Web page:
This was a particularly rich discussion, and I’m missing some of the details. We left off with some suggestions of potential topics for next time: substance dualism, and the everlasting problem of morality and ethics, which is almost as big a problem as that there were still no snacks.

What is it like to be a bat?

Thomas Nagel’s now-famous article about the impossibility of using a reductionist approach to understanding human consciousness.

We appear to be faced with a general difficulty about psychophysical reduction. In other areas the process of reduction is a move in the direction of greater objectivity, toward a more, accurate view of the real nature of things. This is accomplished by reducing our dependence on individual or species-specific points of view toward the object of investigation. We describe it not in terms of the impressions it makes on our senses, but in terms of its more general effects and of properties detectable by means other than the human senses. The less it depends on a specifically human viewpoint, the more objective is our description. It is possible to follow this path because although the concepts and ideas we employ in thinking about the external world are initially applied from a point of view that involves our perceptual apparatus, they are used by us to refer to things beyond themselves—toward which we have the phenomenal point of view. Therefore we can abandon it in favor of another, and still be thinking about the same things.

Experience itself however, does not seem to fit the pattern. The idea of moving from appearance to reality seems to make no sense here. What is the analogue in this case to pursuing a more objective understanding of the same phenomena by abandoning the initial subjective viewpoint toward them in favour of another that is more objective but concerns the same thing? Certainly it appears unlikely that we will get closer to the real nature of human experience by leaving behind the particularity of our human point of view and striving for a description in terms accessible to beings that could not imagine what it was like to be us. If the subjective character of experience is fully comprehensible only from one point of view, then any shift to greater objectivity—that is, less attachment to a specific viewpoint—does not take us nearer to the real nature of the phenomenon: it takes us farther away from it.

The Atomic Bomb, Artificial Intelligence, and the Forms

A small group today (only three of us), but a discussion no less lively than usual. We began talking about the atomic bomb in the context of an essay prompt for a history class. The question asks, was dropping the atomic bomb on Hiroshima and Nagasaki justified? The arguments in favor seem to rely on speculation– specifically, that, had the bomb not been dropped, the body count would have been higher in the event of a more traditional invasion/attack and/or the continuation of the war. Others rely on the assumption that the Japanese would not have responded to a demonstration or a test, and that direct action without prior warning was the only effective way to send the message. The problem with these arguments is that they are wildly probabilistic, and there is no way to really know what “might have happened” in an alternate history. As we discussed last week, these sorts of projections and predictions are seldom justifiable. The unfortunate fact, though, is that these sorts of decisions have to be made. The arguments against the dropping of the bomb appeal more to morality, absolute standards by which a country should or should not act during time of war. These, however, seem arbitrary. Who’s to say which lives are more valuable than others? (Are American lives more valuable than Japanese? Are civilian lives more important than soldiers’?) It is possible to say that warfare in general is immoral, and then anything done in the context of warfare is automatically immoral to begin with, so we can say nothing either way about the dropping of the atomic bomb.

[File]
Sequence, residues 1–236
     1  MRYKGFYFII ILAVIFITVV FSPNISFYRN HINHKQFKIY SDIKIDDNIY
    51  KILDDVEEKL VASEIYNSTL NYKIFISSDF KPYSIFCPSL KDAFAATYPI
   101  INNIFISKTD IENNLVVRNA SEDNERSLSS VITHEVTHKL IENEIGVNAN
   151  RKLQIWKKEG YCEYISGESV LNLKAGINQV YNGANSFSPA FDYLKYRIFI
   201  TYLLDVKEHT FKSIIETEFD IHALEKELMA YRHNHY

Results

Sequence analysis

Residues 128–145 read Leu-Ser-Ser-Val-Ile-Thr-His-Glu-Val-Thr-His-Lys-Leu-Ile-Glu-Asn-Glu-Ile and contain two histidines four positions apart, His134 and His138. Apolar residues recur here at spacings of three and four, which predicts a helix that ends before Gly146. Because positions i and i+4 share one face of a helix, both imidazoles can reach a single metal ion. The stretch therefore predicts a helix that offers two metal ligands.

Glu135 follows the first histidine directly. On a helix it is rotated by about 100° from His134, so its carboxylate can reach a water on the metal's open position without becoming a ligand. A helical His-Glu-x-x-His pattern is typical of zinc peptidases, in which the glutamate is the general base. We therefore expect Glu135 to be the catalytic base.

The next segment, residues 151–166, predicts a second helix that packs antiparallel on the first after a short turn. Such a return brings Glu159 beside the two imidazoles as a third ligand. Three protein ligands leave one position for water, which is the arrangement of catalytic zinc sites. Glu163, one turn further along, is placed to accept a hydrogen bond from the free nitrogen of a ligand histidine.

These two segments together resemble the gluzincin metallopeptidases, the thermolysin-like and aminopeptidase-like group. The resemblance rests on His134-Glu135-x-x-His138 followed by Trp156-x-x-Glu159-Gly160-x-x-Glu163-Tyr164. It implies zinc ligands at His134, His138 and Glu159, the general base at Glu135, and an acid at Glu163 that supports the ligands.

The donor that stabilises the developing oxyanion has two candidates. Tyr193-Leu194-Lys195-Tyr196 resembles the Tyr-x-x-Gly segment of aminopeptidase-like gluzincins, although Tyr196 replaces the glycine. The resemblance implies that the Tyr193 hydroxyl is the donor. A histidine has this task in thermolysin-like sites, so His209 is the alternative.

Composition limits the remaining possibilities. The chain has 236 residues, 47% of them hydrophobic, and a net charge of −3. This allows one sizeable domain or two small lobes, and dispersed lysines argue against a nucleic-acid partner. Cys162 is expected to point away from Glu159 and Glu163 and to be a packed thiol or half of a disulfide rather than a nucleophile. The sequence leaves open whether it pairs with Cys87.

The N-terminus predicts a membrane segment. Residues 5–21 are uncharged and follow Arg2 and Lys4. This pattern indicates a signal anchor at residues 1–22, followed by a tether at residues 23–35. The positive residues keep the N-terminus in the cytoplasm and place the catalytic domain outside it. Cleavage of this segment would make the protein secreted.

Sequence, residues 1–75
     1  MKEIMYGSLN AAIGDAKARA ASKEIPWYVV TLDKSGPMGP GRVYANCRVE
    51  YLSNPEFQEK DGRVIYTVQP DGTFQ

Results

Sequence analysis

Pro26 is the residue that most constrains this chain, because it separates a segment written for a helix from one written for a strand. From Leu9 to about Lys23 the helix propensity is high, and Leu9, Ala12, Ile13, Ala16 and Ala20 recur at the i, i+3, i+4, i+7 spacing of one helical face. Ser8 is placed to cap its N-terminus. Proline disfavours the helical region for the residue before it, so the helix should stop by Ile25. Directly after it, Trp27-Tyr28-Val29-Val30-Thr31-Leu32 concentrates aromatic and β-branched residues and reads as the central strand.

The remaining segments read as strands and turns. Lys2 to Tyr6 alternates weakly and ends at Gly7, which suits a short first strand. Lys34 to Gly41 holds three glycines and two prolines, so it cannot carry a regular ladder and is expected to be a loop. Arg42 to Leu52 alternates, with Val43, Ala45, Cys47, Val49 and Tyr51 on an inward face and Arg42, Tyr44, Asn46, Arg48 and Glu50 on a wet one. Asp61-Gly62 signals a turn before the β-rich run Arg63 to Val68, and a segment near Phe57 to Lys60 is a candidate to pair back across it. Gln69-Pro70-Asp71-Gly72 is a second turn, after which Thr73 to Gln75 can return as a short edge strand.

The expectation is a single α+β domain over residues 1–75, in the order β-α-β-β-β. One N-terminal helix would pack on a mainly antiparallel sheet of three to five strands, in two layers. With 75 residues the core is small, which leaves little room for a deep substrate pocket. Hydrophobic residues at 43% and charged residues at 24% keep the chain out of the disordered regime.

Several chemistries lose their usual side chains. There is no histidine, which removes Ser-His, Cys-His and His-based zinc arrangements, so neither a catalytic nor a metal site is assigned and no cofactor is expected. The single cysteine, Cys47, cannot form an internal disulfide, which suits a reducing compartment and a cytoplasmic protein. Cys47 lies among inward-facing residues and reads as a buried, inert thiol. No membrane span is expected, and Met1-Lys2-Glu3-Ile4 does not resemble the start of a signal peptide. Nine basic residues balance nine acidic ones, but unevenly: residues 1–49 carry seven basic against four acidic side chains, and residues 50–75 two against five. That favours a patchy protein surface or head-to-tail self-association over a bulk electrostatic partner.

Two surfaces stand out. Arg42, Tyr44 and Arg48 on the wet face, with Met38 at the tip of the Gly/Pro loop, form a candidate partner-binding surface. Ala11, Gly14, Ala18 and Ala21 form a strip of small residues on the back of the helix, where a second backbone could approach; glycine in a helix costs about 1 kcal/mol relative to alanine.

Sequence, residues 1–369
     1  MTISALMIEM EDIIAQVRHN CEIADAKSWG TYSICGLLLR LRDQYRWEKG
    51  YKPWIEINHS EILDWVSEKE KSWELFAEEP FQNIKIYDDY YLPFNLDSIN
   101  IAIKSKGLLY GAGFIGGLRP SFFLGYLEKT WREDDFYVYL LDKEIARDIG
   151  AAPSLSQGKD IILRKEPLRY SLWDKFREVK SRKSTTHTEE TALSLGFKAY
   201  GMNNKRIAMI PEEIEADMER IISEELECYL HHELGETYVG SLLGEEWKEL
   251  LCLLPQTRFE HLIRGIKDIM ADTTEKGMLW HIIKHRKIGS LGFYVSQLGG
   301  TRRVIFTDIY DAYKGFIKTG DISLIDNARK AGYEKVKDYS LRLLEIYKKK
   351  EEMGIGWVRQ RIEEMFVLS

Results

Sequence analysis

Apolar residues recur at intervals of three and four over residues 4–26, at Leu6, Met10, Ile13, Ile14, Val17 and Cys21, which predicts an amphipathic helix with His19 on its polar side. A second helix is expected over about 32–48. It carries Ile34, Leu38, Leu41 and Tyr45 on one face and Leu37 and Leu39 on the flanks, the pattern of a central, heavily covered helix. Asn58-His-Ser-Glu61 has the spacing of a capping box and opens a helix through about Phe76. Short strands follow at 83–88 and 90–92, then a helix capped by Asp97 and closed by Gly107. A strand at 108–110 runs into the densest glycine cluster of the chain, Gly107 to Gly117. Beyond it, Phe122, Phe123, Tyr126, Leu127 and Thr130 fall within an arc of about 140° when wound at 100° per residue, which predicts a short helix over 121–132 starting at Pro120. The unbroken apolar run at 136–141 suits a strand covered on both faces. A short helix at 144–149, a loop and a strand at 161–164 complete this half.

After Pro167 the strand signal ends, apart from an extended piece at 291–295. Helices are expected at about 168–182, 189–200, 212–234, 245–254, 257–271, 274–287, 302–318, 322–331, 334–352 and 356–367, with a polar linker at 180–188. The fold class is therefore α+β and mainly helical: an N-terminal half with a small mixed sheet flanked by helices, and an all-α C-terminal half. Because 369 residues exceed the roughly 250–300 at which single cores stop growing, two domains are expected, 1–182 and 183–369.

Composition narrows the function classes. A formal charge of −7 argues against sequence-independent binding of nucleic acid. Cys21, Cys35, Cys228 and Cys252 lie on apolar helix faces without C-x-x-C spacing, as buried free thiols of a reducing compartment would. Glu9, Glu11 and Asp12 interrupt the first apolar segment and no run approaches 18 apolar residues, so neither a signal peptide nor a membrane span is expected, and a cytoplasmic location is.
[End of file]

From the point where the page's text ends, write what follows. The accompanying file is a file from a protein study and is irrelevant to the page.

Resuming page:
As to possible approaches to a paper, I suggested perhaps beginning with a strong “if”–if a certain premise or set of premises is true, then certain conclusions will necessarily follow, in regards to morality, prediction, or whatever. But in the end, it all depends on our acceptance of the initial premise or set of premises. Or, one might begin by putting the burden of proof on a certain party, and then show how that party has failed to prove its standpoint.